Character sketch of Detective Vartann; his life is more complex than it seems

This was written in a reponse to a free writing prompt "Write for 20 minutes (without editing) in any style: using "Parenthetical" as the title. (Be divergent.)" This is what I came up with (although I did edit it somewhat after the first draft) and while the first paragraph might refer to any number of fictional tv cops, the rest is based on what might be I imagine Vatann's backstory might be. He seemed like such a gentle, laidback officer when we met him in "Grissom Versus the Volcano" but he's angry and somewhat bitter by "Dead Ringer"; something must have changed in his life.

I haven't seen the later episodes yet (came later to CSI than CSIM) so apologies if anything is now not cannon. Oh, and he's a Scorpio purely because the actor portraying Vartann, Alex Carter, was born in November.


He doesn't think of himself of old, though he's no longer young (40 something). He's a detective (homicide). A Scorpio (not that he cares). He's soft spoken (with those who deserve it), well dressed (that is, dresses like a cop), responsible (at work, at least), in control (hides his bitterness - most of the time). Sometimes he longs to overstep the boundaries (though he wouldn't know where to start).

He's a cop (like his father) and he doesn't know how to be anything else (other dreams, long gone, are almost forgotten). His wife left two years ago (it took him two days to notice) and he took off his ring too quickly, gave up (but isn't that what she wanted?). He isn't married to the job, the way a captain is to his ship, but it's too much a part of him to let go of and she never understood that (still, sometimes he wonders, if he'd fought for their marriage, would she have come back?).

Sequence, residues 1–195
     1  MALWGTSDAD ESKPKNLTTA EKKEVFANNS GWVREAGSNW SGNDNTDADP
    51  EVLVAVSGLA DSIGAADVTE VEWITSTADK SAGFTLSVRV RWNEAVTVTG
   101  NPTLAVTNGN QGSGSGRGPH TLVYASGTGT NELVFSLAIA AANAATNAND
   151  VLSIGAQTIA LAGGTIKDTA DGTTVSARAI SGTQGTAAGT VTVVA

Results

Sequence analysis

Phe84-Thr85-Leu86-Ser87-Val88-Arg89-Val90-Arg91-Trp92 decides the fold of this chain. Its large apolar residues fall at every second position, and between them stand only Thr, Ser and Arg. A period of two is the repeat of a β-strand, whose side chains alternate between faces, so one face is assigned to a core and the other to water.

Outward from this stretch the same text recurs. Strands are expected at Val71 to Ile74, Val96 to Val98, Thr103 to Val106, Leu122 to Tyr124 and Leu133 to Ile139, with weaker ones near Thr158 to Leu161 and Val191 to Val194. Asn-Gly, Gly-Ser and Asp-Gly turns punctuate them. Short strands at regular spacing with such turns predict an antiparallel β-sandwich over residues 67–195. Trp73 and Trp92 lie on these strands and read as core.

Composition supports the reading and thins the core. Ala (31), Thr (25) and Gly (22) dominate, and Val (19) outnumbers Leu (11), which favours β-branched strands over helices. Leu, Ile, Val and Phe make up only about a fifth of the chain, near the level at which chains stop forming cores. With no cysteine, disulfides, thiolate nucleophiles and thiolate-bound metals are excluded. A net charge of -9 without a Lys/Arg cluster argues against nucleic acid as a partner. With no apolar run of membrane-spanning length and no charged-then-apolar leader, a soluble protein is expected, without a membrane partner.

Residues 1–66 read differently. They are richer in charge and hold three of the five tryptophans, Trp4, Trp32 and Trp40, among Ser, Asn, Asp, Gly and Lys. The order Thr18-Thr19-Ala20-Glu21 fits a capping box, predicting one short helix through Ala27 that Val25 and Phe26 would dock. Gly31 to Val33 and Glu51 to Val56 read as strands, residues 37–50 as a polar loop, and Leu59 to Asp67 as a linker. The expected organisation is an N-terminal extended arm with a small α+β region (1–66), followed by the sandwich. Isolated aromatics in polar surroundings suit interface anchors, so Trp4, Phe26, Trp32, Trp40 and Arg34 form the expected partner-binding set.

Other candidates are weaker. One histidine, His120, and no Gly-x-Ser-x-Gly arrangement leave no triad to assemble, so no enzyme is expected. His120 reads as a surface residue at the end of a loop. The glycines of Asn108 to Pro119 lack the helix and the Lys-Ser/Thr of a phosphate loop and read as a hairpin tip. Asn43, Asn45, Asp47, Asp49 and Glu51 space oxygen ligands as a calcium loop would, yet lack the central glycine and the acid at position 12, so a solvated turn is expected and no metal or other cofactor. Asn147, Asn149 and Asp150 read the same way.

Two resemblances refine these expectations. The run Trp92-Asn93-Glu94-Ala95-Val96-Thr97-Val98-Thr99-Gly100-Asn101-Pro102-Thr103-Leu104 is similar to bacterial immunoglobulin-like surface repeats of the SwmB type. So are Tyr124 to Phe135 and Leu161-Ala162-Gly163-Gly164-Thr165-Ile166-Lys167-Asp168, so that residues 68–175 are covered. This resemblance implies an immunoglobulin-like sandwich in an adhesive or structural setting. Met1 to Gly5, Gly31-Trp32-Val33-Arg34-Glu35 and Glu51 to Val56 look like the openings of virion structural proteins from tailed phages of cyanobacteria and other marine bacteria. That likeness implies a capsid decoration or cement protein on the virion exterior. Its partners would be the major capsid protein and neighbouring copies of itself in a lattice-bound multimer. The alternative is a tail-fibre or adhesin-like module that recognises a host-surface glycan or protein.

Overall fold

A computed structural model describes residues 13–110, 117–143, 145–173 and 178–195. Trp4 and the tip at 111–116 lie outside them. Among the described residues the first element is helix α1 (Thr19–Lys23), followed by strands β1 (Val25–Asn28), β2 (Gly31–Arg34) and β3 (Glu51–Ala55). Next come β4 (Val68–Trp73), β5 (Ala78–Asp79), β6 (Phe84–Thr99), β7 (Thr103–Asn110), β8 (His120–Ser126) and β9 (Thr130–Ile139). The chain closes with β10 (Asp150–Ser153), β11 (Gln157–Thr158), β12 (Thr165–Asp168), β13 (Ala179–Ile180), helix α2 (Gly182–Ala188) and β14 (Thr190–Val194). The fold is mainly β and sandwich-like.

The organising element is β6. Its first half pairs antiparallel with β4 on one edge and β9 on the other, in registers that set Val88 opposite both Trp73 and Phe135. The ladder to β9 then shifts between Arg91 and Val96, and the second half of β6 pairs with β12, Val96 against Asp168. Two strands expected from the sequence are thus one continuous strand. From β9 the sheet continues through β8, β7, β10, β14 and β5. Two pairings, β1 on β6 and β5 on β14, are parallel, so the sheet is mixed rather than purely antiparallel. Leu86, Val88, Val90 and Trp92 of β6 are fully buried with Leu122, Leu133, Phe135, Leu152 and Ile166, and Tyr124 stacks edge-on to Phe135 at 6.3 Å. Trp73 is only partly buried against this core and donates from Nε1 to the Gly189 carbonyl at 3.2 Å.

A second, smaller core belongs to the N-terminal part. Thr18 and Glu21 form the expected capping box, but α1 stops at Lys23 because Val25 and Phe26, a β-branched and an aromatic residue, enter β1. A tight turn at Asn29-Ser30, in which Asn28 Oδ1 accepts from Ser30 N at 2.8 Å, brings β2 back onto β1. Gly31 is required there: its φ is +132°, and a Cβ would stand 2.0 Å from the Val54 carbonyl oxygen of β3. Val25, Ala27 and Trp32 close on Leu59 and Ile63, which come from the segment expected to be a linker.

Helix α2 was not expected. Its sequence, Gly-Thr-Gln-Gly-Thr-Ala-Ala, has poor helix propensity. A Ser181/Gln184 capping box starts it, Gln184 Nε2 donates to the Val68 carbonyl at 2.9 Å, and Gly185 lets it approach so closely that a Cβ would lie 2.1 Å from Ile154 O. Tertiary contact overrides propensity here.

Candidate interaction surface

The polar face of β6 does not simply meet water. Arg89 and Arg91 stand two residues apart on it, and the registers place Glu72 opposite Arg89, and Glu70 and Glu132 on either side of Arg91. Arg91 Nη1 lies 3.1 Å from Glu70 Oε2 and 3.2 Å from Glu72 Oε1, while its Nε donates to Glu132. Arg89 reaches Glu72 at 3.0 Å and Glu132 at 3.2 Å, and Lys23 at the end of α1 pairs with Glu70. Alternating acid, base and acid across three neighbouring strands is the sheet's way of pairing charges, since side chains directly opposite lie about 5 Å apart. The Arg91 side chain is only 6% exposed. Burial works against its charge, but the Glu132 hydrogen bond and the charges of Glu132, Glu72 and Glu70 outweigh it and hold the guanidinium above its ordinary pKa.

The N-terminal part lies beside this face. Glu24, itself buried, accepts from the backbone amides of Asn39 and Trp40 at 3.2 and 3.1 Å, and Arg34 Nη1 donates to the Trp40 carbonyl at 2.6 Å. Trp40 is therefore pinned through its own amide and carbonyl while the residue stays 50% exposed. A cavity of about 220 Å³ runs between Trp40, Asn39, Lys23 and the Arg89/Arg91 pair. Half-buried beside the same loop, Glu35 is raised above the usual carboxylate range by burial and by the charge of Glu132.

He remembers when she told him she was having an affair, had been for six months (a valet, for God's sake); "some detective" she said (her scorn couldn't hurt worse than the betrayal). He imagines her in bed with the bastard, wearing the white lace negligee he bought her for their honeymoon (was that the last time they were happy?). He moved to Nevada to get away from her (but even the bells and whistles of Vegas can't drown out the memories).

He's a good cop (damned with faint praise, merely not corrupt nor incompetent), a nice guy (what do they know?), a "straight arrow" (an archaic expression, is it a double edged compliment?). Sometimes the fa├žade slips, the rage shows through (and why can't he have opinions?), he tells it like it is (or ought to be) even to his superiors (in rank, not by any other measure).

He lives his life aware of the dichotomies (the perceived versus reality, what could be as opposed to what is) but he's helpless to do other than he does, to be other than who he is. Women are allowed (expected) to be complex, and many faceted, unpredictable, mysterious, incomprehensible (fickle, unreliable). Men have no such luxury, expected to be reliable, one-sided, constant (monotonous, dull?).

That's why his life is parenthetical (lived not in the light but hidden in the brackets, in the shadows, the margins).